25-26. Another falcon, seeing this one flying in the air with leaf in his beak, considered it to be some piece of flesh and fell upon him.

Immediately a gallant fighting ensued between the two birds with their beaks.

27. While the fighting was going on, that leaf with semen virile fell down from their beaks on the waters of the Yamuna river. Then the two falcons flew away as they liked.

28-39. O Riṣis! While the two falcons were fighting with each other, one Apsarā (celestial nymph) named Adrikā came to a Brahmin, who was performing his Sandhya Bandanam on the banks of the Yamuna.

That beautiful woman began to bathe in the waters and took a plunge for playing sports and caught hold of the feet of the Brāhmaṇa. The Dvija, engaged in Pranayama (deep breathing exercise), saw that the woman had amorous intentions, and cursed her, saying:

“As you have interrupted me in my meditation, so be a fish.”

Adrikā, one of the best Apsarās, thus cursed, assumed the form of a fish Safari and spent her days in the Yamuna waters. When the semen virile of Uparichara Vasu fell from the beak of the falcon, that fish Adrikā came quickly and ate that and became pregnant.

When ten months passed, a fisherman came there and caught in a net that fish Adrikā.

When the fish's belly was torn asunder, two human beings instantly came out the womb. One was a lovely boy and the other a beautiful girl. The fisherman was greatly astonished to see this.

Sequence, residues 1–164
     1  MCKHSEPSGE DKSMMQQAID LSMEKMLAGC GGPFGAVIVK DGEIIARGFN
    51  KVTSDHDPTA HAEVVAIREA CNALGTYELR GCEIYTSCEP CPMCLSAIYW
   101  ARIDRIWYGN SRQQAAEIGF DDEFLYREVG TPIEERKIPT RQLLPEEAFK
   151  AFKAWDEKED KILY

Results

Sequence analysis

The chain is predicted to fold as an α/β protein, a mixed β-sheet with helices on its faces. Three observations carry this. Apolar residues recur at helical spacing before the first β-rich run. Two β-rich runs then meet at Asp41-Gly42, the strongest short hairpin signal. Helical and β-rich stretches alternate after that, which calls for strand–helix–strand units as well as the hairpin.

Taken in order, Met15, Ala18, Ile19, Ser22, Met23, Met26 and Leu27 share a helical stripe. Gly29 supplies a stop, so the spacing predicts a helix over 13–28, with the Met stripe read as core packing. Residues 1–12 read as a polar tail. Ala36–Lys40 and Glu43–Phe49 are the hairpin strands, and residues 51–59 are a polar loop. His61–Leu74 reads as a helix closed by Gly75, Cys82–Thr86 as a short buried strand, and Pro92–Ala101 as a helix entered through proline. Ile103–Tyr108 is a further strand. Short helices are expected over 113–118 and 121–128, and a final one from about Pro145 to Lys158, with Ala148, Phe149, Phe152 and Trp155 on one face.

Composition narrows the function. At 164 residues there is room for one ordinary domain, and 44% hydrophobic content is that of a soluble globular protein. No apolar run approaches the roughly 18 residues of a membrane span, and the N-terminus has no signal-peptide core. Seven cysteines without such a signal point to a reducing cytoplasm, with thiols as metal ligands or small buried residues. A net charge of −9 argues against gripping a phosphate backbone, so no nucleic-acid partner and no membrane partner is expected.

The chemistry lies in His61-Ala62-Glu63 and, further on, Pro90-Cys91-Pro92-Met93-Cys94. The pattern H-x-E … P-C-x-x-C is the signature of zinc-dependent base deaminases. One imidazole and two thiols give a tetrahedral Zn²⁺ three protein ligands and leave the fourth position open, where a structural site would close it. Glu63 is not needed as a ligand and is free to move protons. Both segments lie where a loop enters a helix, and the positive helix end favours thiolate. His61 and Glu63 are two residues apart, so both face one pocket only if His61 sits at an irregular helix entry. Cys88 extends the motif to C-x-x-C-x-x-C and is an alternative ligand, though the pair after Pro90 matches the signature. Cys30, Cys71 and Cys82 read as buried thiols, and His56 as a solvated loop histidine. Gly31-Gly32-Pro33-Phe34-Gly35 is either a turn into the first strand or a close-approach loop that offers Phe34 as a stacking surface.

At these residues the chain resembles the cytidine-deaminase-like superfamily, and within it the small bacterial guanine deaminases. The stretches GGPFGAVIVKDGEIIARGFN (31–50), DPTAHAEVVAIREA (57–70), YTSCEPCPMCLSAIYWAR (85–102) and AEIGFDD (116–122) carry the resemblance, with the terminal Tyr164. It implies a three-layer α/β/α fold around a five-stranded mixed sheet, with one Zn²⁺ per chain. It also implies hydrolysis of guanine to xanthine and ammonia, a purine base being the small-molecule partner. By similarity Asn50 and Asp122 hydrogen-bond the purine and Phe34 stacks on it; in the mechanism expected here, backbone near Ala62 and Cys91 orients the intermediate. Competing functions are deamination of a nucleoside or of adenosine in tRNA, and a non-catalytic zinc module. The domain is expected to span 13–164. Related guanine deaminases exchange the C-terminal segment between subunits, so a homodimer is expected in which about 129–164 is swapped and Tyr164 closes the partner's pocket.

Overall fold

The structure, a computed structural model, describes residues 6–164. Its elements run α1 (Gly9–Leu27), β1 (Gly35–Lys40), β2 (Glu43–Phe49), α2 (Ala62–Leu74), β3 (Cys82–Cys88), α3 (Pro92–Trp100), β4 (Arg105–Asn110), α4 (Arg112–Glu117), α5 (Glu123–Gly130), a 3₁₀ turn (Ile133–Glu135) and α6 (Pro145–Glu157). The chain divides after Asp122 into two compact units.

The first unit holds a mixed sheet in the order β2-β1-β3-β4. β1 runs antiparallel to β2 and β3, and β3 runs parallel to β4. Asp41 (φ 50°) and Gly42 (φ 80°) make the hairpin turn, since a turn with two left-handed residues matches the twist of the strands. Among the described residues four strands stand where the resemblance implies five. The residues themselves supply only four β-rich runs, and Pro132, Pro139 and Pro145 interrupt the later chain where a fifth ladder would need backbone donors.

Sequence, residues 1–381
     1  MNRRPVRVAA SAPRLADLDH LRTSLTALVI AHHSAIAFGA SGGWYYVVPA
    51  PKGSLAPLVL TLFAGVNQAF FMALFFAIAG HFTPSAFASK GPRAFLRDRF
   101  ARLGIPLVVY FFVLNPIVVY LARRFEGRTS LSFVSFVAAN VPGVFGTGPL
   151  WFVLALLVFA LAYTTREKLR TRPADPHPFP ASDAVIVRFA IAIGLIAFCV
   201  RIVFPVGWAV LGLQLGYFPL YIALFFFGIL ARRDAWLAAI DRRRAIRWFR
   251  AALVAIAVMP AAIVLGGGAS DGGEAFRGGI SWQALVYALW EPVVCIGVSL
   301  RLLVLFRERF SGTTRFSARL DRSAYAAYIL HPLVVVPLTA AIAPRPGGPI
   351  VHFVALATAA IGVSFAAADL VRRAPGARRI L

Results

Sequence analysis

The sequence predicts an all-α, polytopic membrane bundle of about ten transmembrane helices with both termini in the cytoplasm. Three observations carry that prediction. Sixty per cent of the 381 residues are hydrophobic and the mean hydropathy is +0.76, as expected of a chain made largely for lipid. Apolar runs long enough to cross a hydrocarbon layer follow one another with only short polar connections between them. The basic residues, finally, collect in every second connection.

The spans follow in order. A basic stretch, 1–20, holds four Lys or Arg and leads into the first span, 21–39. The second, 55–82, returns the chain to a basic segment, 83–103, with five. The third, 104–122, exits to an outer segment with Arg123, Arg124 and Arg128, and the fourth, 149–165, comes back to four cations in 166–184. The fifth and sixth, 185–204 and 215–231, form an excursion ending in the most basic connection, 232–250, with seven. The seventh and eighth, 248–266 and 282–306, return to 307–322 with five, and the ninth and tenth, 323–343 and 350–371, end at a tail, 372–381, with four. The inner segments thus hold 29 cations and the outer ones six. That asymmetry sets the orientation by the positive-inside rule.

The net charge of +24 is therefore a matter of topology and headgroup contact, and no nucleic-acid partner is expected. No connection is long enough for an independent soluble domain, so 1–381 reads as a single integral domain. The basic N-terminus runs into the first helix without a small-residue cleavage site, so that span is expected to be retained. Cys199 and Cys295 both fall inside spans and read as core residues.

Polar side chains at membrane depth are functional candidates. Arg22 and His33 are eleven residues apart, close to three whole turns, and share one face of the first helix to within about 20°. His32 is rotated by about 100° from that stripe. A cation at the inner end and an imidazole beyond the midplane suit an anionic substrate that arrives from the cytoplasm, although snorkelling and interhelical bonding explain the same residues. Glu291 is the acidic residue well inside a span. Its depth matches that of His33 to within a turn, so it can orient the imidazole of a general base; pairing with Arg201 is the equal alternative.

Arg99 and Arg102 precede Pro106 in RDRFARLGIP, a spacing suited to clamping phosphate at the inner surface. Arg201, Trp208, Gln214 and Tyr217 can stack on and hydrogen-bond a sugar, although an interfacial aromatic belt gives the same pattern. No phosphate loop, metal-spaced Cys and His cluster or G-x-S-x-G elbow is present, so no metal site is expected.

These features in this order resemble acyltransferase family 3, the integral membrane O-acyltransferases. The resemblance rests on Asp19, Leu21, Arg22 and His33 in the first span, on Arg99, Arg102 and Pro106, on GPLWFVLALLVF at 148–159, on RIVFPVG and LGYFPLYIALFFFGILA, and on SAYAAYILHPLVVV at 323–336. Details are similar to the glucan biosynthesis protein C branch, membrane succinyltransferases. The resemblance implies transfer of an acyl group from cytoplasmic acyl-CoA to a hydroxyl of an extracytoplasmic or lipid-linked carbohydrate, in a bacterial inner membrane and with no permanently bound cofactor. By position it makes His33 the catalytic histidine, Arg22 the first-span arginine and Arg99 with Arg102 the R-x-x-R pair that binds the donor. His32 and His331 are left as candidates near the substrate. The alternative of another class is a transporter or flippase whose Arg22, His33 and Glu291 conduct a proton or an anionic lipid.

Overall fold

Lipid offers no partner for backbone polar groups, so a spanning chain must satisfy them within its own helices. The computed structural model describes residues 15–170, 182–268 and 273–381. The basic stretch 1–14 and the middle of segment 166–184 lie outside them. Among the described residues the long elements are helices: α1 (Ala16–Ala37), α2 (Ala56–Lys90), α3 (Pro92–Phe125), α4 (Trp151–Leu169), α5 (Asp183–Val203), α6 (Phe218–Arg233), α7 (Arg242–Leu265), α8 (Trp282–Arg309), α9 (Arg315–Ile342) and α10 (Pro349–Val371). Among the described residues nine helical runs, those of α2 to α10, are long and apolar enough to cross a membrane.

He went and informed the king of that place who was Uparichara Vasu that the boy and the girl were born of the womb of a fish. The king also was greatly surprised and accepted the boy who seemed auspicious.

This Vasu's son was highly energetic and powerful, truthful and religious like his father and became famous by the name of the king Matsyarāj.

Uparichara Vasu gave away the girl to the fisherman. This girl was named Kālī and she became famous by the name of Matsyodarī. The smell of the fish came out of her body and she was named also Matsyagandhā. Thus the auspicious Vasu's daughter remained and grew in that fisherman's house.

The Riṣis said: -

The beautiful Apsarā, cursed by the Muni, turned into fish; she was afterwards cut asunder and eaten up by the fisherman. Very well!

What happened afterwards to that Apsarā? How was she freed of that curse? And how did she go back to the Heavens?

Thus questioned by the Riṣis, Sūta spoke as follows:

When the Apsarā was first cursed by the Muni, she was greatly astonished; she began to weep and cry like one greatly distressed and afterwards began to praise him.

The Brahmin, seeing her weeping, took pity on her and said:

“O good one! Don't weep; I am telling you how your curse will expire. As an effect of having incurred my wrath, you will be born as a fish and when you will give birth to two human children, you will be freed of your curse.”

The Brahmin having spoken thus, Adrikā got a fish-body in the waters of the Yamuna.

Afterwards she gave birth to two human children and became freed of the curse when she, quitting the fish form assumed the divine form and went up to the Heavens.

O Riṣis! The beautiful girl Matsyagandhā thus took her birth and was nourished in the fisherman's house and grew up there. When the extraordinarily lovely girl of Vasu, Matsyagandhā attained her youth, she continued to do all the household duties of the fisherman and remained there.

Thus ends the first chapter of the Second Skandha on the birth of Matsyagandhā in the Mahāpurāṇa Śrīmad Devī Bhāgavatam of 18,000 verses by Mahāṛṣi Veda Vyāsa.